Farm level rainwater harvesting across different agro climatic regionsof India: Assessing performance and its determinants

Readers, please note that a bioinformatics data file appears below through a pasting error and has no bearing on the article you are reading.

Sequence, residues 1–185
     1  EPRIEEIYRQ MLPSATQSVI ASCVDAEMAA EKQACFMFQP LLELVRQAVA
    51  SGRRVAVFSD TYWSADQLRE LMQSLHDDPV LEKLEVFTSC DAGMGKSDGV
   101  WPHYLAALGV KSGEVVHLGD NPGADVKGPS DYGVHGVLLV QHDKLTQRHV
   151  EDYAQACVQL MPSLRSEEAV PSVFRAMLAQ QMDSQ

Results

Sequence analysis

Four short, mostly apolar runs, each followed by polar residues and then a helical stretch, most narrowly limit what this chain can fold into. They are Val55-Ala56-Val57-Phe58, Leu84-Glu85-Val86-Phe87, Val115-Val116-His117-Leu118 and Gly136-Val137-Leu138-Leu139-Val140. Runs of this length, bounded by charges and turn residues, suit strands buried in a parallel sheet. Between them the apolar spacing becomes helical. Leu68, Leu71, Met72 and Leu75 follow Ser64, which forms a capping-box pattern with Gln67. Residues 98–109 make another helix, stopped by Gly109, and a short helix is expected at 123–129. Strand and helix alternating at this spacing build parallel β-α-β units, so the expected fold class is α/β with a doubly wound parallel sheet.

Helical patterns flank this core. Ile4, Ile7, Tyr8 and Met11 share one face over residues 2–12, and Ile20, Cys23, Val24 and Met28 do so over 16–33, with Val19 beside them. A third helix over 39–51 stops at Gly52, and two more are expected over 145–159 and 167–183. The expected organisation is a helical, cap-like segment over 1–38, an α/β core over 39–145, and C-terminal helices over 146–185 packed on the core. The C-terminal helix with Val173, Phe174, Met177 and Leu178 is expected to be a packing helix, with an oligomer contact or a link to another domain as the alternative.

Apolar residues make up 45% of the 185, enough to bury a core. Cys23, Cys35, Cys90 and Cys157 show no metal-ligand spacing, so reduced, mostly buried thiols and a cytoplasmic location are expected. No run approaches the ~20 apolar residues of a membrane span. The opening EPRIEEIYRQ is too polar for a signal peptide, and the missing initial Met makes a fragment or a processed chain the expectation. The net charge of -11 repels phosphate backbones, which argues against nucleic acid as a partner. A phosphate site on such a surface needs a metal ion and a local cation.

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tRainwater harvesting and its utilization have a very important role to play in harnessing the productionpotential within dryland systems. This study assesses the performance of small rainwater harvestingstructures (farm-ponds) in 5 major rainfed states of India over the period 2009–2011 using data frommultiple sources and stakeholders. Rainwater which is harvested using structures of varying types andsizes was used for either supplemental irrigation or recharging open-wells. In many cases, the farm levelrainwater harvesting structures were highly effective for rainfed farming and had a multiplier effecton farm income. In some situations however, it was viewed by farmers as a waste of productive land.The use of farm ponds in Maharashtra, for example, resulted in a significant increase in farm produc-tivity (12–72%), cropping intensity and consequently farm income. In the Chittoor district of AndhraPradesh, farm pond water was profitably used for supplemental irrigation to mango plantations, vegeta-bles or other crops and animal enterprises with net returns estimated to be between US$ 120 and 320structure−1annum−1. Despite such examples, the adoption of the farm ponds was low, except in Maha-rashtra. A functional analysis of the reasons for high adoption of water harvesting structures indicatedthat factors such as technical support, customized design, level of farmer participation, age, existing own-ership of open wells, annual rainfall and household assets were the major determinants of performanceof farm-level rainwater harvesting structures. Based on this countrywide analysis, different policy andinstitutional options are proposed for promoting farm-level rainwater-harvesting for dryland agriculture.